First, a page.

With the election now a week away and with the debates now over, we’re into the home stretch.  It looks as if Labour is in serious trouble, especially after Gordon Brown called a retired dinner lady he had talked to a “bigot,” not realizing he had a microphone on.  We’ll just have to see how well the Lib Dems can do, and if they take more votes away from Labour, or from the Conservatives.  There’s some great analysis (as per usual) by Nick Silver where he looks at various forecast models, some of which that show the Conservatives either very close to, or gaining, an overall majority in Parliament.  However, the current fivethirtyeight projection has the Conservatives at 299 seats, still 27 short of that magic number.  It’s difficult to imagine this election turning out well for Labour, but let’s hope they do just well enough (along with a strong showing by the Lib Dems) to keep the Tories from a majority.

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THE Bill.

Posted by brightcoast on March 22, 2010

I feel as though in times of heightened political excitement, those of us trained to study the law sometimes have a tendency to follow or agree with a popular perception of the thing that we need to read and interpret for ourselves. In the spirit of that sort of democracy, I present you with the following link, HR 3590

Posted in Politics, The Law, U.S. Statutes | Tagged: , | Leave a Comment »

Bayh’s retirement

Posted by brightcoast on February 15, 2010

Link to article here. Apparently our party is worried that this will result in a GOP resurgence, which would be in accordance with the nature of the ebbs and flows that accompany attempts at major change. My concern, however,  is not which party is in power, but rather the cop out that “the system is broken,” or “there is too much partisanship.” Well Bayh, and Governor Palin, how will anything get resolved if all of you idealists and those who really are for the people abandon ship when the going gets tough? How will the up and coming generation be inspired to pursue a career in government if prominent leaders continue to proliferate the system that it’s all about party politics.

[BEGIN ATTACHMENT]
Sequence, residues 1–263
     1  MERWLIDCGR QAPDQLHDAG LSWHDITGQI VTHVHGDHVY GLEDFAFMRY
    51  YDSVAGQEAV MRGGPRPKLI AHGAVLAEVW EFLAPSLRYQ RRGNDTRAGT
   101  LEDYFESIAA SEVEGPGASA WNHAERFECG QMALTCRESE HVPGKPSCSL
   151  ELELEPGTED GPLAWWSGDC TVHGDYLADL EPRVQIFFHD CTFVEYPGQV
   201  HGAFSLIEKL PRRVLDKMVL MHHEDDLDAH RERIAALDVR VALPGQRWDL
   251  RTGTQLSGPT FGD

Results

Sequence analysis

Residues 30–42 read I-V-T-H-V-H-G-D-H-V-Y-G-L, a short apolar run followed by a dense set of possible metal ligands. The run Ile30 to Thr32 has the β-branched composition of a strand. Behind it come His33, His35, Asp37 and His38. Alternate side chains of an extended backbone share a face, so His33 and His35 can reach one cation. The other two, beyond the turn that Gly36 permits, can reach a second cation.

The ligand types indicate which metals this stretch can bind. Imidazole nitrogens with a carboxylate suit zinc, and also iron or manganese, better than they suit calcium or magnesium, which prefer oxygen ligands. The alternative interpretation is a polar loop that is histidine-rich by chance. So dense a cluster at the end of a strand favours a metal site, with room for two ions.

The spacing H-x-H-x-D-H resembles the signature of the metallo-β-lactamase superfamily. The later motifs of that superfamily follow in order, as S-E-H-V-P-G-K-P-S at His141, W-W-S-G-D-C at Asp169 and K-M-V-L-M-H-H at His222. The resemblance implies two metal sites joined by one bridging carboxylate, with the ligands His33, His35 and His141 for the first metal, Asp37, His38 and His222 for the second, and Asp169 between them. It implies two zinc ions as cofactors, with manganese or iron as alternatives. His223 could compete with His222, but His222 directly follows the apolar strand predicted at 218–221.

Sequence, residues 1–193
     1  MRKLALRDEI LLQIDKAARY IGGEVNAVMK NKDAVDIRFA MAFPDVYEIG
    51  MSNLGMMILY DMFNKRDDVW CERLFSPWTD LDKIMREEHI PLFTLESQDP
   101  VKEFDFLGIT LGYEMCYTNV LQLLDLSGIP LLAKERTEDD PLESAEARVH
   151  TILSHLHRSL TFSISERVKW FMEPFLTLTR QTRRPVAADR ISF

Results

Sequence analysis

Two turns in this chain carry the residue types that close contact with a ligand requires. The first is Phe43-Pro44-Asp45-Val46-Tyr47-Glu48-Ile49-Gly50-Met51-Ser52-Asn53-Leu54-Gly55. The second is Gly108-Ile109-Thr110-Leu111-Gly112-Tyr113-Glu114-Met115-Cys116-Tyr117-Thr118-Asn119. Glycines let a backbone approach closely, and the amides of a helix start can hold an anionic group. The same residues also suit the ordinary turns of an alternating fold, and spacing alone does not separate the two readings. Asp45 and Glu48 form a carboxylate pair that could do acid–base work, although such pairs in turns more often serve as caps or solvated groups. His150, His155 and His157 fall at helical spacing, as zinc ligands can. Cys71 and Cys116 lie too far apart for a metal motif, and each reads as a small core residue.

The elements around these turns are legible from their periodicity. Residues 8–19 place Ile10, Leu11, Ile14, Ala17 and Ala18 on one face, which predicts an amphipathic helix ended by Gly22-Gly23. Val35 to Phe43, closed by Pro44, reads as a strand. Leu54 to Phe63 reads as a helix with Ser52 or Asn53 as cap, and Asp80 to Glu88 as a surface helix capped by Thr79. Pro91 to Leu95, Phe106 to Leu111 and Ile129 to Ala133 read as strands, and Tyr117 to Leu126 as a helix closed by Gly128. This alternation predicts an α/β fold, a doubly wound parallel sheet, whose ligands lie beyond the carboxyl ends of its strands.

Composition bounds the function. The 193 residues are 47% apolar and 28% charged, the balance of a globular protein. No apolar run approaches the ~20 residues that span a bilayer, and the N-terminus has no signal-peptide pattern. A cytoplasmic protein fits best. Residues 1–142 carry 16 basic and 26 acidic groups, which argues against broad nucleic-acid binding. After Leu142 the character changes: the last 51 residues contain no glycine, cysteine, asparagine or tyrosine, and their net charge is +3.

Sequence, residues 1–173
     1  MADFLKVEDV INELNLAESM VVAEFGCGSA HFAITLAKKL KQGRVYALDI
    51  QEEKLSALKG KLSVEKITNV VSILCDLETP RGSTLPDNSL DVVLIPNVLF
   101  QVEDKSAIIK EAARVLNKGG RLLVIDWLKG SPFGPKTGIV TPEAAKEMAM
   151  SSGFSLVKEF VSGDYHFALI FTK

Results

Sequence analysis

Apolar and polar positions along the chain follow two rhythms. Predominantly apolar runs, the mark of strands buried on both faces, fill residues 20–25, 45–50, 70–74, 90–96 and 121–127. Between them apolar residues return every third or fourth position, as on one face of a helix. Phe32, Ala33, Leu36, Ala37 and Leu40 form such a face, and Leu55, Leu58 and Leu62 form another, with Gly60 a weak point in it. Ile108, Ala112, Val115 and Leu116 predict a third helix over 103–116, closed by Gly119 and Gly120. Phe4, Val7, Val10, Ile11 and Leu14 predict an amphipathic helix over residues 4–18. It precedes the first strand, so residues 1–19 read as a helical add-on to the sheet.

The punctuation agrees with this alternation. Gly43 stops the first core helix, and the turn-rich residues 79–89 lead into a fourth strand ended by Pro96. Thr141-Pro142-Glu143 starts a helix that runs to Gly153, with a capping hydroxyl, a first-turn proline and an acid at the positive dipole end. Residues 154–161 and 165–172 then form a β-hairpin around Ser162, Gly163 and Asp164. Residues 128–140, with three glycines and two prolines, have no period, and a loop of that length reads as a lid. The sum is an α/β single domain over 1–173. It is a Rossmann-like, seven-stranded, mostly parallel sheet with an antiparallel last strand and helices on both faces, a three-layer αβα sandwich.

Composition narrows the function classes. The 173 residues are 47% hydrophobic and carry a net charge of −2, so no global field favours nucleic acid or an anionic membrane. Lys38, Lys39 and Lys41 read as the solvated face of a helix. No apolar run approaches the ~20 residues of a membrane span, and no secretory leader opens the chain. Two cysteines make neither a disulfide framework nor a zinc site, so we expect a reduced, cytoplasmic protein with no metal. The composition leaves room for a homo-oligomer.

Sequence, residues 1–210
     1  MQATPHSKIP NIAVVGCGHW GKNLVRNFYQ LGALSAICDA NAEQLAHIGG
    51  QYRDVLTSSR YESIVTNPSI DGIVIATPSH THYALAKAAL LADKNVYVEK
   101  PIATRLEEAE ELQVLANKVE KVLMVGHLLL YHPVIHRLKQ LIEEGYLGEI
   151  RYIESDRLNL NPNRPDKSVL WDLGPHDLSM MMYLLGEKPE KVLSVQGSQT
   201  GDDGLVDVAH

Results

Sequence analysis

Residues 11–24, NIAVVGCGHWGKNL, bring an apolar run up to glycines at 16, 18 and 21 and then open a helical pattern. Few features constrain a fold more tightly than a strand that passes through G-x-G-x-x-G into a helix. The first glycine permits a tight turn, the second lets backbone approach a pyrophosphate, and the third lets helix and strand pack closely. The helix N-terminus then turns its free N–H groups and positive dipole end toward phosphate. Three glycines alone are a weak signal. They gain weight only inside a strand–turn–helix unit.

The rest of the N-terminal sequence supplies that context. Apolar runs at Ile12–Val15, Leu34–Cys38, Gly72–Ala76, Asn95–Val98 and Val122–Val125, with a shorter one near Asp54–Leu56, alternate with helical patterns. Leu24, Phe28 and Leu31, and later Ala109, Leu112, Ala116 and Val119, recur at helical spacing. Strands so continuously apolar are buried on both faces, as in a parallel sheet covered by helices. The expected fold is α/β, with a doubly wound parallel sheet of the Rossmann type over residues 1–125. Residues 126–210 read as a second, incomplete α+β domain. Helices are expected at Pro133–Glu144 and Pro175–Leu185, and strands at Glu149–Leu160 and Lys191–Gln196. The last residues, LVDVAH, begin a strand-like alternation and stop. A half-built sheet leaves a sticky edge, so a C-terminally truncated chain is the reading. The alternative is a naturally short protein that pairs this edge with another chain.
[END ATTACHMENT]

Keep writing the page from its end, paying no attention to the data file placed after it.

It reminds me of a piece I saw about the race in Texas, Bailey was commenting that she wants to change something or other, not unlike Meg Whitman’s ridiculous ad about the Welfare System in California. (Which by the way, I believe misses the point, if you require people on welfare to earn their GED or to get a job, who’s going to watch their children to make this happen? Will you provide them with more funds so that they can pay someone else to raise their children in the name of goals you force upon them? I’m not saying change isn’t welcome, but let’s be realistic)

“Be the change you wish to see in the world.” Isn’t that how the saying goes?